A newly married man asked his wife, “Would you have married me if my father hadn’t left me a fortune?” “Honey,” the woman replied sweetly, “I’d have married you no matter who left you a fortune.”
The effort to find happiness or security in material possessions is as old as humanity. It was a subject which Jesus addressed more than any other. But it is never addressed so movingly and with such poignancy as in the tenth chapter of Mark’s Gospel.
We are told that a rich man ran up to Jesus and, kneeling before him, asked him, “Good Teacher, what must I do to inherit eternal life?”
There are some things worth noticing before we go on to look at Jesus’ response. Having had so many people come to him with trick questions trying to trip him up, it must have been very satisfying for Jesus to respond to a questioner who is sincere.
Notice also that the man asks, “… what must I do to inherit eternal life?” Inherit it. Not earn it or achieve it. Perhaps it was some kind of Freudian slip. The man may well have been thinking about how to achieve or earn it, but in the depths of his unconscious he knew that whatever he is lacking must be received as a gift. That’s how Freudian slips work. We say what we know even though we don’t know that we know it.
And a word about “eternal life” as used by the man. It does not necessarily refer to an after-life. In the Jewish context it can mean a meaningful life, a life lived in accord with God’s vision.
The young man is a good person, but perhaps he senses that there is something broken in his life and he doesn’t know how to fix it. He and Jesus run through the commandments and agree that the young man has kept them.
Then comes the moment that makes this passage one of my two or three favorite in the entire Bible. Mark tells us that Jesus, looking at the man, loved him. It is the only place in the Gospels where Jesus is said to have loved an individual. And with all that love hanging in the air between them, Jesus says, and I imagine him saying it with great longing in his voice, “You lack one thing; go, sell what you own and give the money to the poor….”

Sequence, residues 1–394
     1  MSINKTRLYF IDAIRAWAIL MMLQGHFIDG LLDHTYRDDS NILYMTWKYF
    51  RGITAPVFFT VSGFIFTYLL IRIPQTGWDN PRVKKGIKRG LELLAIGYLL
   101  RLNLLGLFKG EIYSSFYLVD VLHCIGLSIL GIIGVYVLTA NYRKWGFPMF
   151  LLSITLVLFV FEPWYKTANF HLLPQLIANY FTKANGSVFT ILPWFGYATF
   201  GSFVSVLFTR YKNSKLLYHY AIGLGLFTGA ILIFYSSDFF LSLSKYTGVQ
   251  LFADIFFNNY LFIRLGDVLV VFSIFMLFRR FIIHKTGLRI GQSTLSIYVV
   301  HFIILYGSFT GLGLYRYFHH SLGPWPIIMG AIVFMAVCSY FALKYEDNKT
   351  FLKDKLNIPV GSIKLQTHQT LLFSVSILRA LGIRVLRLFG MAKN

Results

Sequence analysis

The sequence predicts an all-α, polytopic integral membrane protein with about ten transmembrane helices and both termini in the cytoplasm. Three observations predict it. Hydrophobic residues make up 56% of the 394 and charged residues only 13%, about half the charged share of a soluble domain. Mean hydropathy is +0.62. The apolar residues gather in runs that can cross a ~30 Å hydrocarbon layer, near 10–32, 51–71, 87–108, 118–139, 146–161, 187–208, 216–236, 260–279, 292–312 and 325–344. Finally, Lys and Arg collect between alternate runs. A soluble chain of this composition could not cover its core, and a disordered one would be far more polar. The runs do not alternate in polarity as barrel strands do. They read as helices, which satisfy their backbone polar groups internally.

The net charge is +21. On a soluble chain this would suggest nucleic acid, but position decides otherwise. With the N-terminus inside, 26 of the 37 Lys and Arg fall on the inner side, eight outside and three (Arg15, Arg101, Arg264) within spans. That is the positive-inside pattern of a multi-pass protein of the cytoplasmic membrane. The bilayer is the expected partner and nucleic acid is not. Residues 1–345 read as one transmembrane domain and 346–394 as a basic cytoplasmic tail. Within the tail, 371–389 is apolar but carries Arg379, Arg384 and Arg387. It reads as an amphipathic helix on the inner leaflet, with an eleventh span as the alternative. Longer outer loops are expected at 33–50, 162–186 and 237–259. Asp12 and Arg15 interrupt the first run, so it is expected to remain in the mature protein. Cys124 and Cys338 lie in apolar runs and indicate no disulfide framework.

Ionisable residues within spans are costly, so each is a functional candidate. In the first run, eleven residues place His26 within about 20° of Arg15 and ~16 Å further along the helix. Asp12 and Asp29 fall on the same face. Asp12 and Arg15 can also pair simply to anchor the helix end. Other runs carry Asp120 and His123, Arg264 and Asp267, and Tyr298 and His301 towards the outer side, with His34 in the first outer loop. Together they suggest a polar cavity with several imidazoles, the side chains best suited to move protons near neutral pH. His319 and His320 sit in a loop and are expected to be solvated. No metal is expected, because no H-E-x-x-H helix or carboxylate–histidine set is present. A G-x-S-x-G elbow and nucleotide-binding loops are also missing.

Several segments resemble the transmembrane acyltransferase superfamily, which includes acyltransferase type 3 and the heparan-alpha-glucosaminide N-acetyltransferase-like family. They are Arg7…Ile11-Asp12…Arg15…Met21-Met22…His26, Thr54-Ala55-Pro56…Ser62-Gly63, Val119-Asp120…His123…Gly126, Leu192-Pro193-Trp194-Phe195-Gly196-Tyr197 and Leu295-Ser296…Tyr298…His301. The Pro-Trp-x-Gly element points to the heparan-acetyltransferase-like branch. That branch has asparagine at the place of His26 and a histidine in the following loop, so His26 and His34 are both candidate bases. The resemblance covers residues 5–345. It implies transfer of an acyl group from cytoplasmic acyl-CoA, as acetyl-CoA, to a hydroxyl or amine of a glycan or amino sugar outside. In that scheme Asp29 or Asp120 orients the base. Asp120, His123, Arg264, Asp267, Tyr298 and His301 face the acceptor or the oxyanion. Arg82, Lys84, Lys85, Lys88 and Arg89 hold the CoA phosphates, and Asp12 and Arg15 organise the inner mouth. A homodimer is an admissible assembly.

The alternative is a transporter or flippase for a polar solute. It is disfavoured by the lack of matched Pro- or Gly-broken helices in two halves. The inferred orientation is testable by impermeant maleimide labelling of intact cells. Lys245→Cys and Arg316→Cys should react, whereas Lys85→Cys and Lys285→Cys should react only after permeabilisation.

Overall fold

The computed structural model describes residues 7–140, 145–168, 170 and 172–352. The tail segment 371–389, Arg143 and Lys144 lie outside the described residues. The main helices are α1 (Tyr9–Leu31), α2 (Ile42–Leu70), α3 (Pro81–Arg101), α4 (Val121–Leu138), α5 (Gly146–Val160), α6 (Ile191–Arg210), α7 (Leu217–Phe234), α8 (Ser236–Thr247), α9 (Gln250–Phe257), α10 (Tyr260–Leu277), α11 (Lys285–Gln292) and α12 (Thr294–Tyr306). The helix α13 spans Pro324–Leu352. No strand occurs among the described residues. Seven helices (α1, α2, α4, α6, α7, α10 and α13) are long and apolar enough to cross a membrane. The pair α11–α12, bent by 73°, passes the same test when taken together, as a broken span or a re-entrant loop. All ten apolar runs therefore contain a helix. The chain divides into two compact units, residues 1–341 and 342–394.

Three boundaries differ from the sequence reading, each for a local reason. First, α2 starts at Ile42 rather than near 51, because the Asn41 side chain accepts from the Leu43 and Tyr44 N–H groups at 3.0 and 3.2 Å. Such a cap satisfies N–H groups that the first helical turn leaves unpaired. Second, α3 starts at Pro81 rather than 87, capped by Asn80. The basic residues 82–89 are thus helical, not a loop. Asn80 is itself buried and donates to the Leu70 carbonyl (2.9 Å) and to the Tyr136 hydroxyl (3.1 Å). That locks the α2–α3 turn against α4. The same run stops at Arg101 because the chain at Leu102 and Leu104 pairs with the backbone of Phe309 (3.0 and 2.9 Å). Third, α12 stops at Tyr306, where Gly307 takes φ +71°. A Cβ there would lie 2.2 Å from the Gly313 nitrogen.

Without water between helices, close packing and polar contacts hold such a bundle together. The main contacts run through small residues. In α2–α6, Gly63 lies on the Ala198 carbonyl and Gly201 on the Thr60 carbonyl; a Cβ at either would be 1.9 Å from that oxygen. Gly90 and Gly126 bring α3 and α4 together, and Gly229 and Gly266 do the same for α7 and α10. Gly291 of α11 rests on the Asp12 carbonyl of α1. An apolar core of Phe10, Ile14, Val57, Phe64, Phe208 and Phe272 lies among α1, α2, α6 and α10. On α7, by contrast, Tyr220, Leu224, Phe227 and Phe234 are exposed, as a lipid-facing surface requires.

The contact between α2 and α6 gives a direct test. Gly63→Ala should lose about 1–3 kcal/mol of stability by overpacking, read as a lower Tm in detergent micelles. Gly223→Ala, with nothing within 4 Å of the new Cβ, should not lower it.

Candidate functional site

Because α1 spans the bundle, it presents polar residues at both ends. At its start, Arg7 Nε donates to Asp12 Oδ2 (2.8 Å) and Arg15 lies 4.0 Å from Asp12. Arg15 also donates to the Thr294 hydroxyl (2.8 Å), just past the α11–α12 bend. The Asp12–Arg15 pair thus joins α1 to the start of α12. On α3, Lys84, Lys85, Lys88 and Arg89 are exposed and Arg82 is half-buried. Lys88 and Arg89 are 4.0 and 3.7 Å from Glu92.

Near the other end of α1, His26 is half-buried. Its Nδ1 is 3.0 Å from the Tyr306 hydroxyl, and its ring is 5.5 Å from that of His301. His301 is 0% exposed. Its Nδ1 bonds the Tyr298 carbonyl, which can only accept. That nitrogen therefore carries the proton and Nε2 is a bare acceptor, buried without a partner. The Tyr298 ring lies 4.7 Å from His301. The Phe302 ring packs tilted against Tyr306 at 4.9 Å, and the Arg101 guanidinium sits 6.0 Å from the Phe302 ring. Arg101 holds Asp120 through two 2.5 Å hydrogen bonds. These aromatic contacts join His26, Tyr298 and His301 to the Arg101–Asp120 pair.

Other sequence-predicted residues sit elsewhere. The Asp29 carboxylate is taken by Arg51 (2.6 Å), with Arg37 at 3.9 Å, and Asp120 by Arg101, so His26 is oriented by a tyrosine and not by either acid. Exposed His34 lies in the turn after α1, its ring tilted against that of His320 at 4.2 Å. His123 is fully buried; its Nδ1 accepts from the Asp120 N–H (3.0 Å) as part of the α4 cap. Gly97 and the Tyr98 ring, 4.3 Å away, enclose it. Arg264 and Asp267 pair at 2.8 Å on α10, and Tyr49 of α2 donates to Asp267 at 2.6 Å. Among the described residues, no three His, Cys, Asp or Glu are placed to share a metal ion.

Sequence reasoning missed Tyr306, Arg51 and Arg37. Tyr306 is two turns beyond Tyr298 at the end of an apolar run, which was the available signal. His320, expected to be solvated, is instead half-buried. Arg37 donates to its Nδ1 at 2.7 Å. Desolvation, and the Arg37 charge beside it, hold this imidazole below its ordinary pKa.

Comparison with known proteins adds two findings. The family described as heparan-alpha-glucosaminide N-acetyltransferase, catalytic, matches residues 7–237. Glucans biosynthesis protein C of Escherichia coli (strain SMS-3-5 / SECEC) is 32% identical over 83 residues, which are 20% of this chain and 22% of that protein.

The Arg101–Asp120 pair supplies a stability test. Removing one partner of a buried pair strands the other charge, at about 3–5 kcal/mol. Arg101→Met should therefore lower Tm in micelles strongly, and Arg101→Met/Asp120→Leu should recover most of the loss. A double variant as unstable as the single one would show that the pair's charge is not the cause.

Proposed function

It was a challenge framed, I’m sure, in gentleness. Jesus, remember, loves the young man.
It is tempting for us to think that when Jesus speaks of wealth, he is speaking of those who make more than we do. And so we distance ourselves from this young man. Jesus isn’t talking to me.
But I suspect this rich young man is very much like us. Each of us, no matter how faithful, has the potential to hold something back. Something we can’t let go of. It may not be wealth. It may be our time. It may be our habit of gossip. It may be our pride. Each of us has, more than once, walked sorrowfully away from Jesus, also. Each of us, like the rich young man, has in a corner of our life something we cling to that resists Jesus’ challenge to live fully, to love fully, a challenge that has to do with much more than just giving away our wealth.
We have trouble understanding that Jesus isn’t really asking for anything. In truth, he is offering something: freedom, liberation. Jesus invites us also to receive the gift of freedom, freedom from the boredom of self-sufficiency, freedom from the burden of earning God’s love, freedom from the need to cling to whatever it is we cling to.
And then the tragic ending. When the rich man hears Jesus’ words he turned and walked away grieving, for he had many possession. I am not often prone to try to correct the Gospel writers, but I think Mark makes a mistake here. It isn’t that the rich man had many possessions; it is that his many possessions had him.
Of course, have we not also walked away sorrowfully from Jesus as well on more than one occasion? Mark doesn’t tell us if the rich man ever came back to Jesus after thinking things through. I like to think that he did, because I know that to come back is my only hope. I do know this much. Jesus’ love followed that man. So maybe I made a mistake in calling the end tragic. Imagine the next time the rich man runs into someone in need. He may not have been ready to give up all that he had, but perhaps his encounter with this Jesus who loved him made him a little more ready to give something, and then still more the next time and the time after that until the spirit of giving captured his soul.
As one writer has put it, if you let go a little you will have a little peace, if you let go more you will have more peace, and if you let go completely your heart will be free.
Of course, there are no guarantees that change will take place. But I am convinced that for all our resistance, we, like the young man, are no less loved. And maybe, at the bottom of everything, that is what we need to hear, and to know at the depth of our being, before we can change. It is not that letting go of that to which you cling will get you loved. It is that being loved will get you to the place where you can let go. Amen